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By the way, if your question was about refraction, when you said, "the direction of rays changes by an angle theta with respect to the normal", by Snell's Law of refraction that angle theta would depend on the angle of incidence of the ray, and therefore you would need to calculate that angle from the direction of the incoming ray with respect to the surface normal.

Roger Stafford

Roger Stafford, May 21, 2011
5. ### MahsaGuest

Dear Mr. Stafford,
Thanks a lot for the advice. I was indeed talking about simple reflection and refraction in ray tracing. I have bubbles in a liquid containing particles. The very tiny particles have a phase function indicating the new direction of flight which I have implemented. Therefore, I have the direction of incidence, I try to solve the equation of line(ray) with sphere to calculate the point of incidence. Then I can have the equation of normal to the surface of sphere that passes through the center of bubble and the incidence point. Then simple with a dot product I calculate the angle of incidence(theta1). It is a Monte Carlo scheme, so the ray is either reflected or refracted, and I need to define the new direction of flight and this direction (as you know) must be in the same plane as the incidence ray and the normal to the sphere surface. With Snell's law I calculate the angle of refraction
with respect to normal (theta2). Then basically the new ray will make theta2 with normal (depending on how we have defined the direction of normal, inward or outward). So, you understood correctly what I was talking bout, but I don't want the ray to bent toward the normal, I simply want theta2 to be the angle they make with each other. May I kindly ask you to elaborate the second equation for Q in the refraction case.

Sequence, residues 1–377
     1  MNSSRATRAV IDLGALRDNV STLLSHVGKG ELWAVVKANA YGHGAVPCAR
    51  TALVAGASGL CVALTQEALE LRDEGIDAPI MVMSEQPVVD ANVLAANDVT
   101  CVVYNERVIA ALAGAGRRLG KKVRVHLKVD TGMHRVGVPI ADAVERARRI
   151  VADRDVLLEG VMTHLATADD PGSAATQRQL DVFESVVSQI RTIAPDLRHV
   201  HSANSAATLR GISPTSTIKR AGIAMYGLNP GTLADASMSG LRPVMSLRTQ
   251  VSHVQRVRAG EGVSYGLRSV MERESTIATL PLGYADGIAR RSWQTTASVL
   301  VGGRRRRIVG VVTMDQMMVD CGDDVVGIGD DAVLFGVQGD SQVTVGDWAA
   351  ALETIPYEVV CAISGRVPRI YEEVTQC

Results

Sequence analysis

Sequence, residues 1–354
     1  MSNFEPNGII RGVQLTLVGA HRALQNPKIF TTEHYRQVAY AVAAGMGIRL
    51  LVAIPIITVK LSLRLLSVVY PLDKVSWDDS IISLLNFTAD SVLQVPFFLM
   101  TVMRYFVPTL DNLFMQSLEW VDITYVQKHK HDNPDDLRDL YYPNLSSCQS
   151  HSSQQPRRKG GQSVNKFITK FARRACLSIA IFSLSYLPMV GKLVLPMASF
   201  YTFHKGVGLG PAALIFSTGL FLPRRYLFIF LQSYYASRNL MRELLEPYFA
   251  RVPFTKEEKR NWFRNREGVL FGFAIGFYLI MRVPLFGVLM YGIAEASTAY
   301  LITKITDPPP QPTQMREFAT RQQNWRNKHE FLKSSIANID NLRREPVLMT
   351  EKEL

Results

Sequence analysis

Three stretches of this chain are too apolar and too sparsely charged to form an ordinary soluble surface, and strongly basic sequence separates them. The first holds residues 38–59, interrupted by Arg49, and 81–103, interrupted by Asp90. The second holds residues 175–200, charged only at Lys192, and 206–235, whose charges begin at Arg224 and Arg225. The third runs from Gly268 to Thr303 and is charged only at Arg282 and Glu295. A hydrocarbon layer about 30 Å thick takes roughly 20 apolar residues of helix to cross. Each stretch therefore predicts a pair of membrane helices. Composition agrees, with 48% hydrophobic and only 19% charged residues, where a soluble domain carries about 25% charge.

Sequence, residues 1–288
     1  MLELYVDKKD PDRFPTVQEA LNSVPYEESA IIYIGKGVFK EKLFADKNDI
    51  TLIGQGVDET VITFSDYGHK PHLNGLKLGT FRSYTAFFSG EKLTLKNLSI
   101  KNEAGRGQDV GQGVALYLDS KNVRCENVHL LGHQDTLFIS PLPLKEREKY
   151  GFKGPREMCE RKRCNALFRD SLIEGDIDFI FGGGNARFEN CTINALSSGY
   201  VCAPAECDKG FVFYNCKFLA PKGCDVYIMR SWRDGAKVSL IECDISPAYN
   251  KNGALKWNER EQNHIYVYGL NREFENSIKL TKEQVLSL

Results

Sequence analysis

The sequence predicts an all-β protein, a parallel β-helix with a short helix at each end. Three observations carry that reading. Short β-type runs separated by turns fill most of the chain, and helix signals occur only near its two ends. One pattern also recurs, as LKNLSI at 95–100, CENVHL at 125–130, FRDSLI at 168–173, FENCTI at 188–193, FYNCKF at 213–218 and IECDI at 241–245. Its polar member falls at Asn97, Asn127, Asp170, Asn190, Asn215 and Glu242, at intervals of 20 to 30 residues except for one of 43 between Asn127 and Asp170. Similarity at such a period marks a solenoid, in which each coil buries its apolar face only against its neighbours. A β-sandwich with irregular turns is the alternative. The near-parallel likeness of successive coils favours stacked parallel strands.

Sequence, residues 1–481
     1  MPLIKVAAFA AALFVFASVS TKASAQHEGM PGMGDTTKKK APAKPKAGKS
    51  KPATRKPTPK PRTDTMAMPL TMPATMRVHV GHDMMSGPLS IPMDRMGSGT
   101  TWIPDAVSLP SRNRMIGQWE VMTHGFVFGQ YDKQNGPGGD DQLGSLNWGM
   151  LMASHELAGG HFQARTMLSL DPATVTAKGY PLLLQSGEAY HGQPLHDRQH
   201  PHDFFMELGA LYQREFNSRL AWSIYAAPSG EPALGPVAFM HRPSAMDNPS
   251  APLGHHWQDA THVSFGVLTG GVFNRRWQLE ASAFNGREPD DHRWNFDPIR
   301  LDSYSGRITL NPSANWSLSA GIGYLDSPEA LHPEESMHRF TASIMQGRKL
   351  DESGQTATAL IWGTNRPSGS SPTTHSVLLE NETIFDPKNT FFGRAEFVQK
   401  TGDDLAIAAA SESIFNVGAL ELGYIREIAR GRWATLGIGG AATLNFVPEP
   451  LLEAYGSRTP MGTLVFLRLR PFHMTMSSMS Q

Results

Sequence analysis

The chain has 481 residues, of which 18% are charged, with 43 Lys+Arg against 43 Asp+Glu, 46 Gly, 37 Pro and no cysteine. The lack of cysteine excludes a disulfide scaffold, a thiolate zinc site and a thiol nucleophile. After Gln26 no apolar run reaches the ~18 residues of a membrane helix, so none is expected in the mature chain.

Thanks a million.
Regards,
Mahsa.

Thanks again. I appreciate

Mahsa, May 21, 2011
6. ### MahsaGuest

Mahsa, May 21, 2011
7. ### Roger StaffordGuest

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Yes I misunderstood what angle you meant by theta. As I understand it now, if we again regard the normal N as pointing inward from the surface, the angle theta is to be measured from this normal toward, and in the same plane as, the incident ray P. In that case the refracted vector Q would be:

Q = cross(P,N);
Q = (cos(theta)*N + sin(theta)*cross(N,Q/norm(Q)))/norm(N);

which is a very different formula.

Roger Stafford

Roger Stafford, May 21, 2011
8. ### Roger StaffordGuest

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In case you wish to bypass the calculation of theta, you can compute Q directly. Let r be the ratio of the outer index of refraction to the inner index, let P be the vector of the incoming ray, and N be the inward pointing normal direction. Then do this:

t1 = r*dot(P,N);
t2 = dot(P,P)*(1-r^2);
Q = r*P + t2/(sqrt(t1^2+t2*dot(N,N))+t1)*N;

If the quantity within the square root is negative, you have an r greater than one, (that is the velocity increases,) and an impossible combination of the P and N vectors.

Roger Stafford

Roger Stafford, May 22, 2011
9. ### MahsaGuest

Thanks for the tip on the vector notation for the ray and normal. I was a bit confused because I was working with points and line equations rather than vector notation. It is much easier this way, thanks.
It was an interesting suggestion to skip the calculation of theta, however, the formulation is not straight forward for me. I do have increasing speed in my simulation (water+solid to air bubble), so my r is greater than one. If we assume that the vectors are normalized, could we define the new vector without having to separately calculate theta of refraction (although it is not a big deal)? thanks.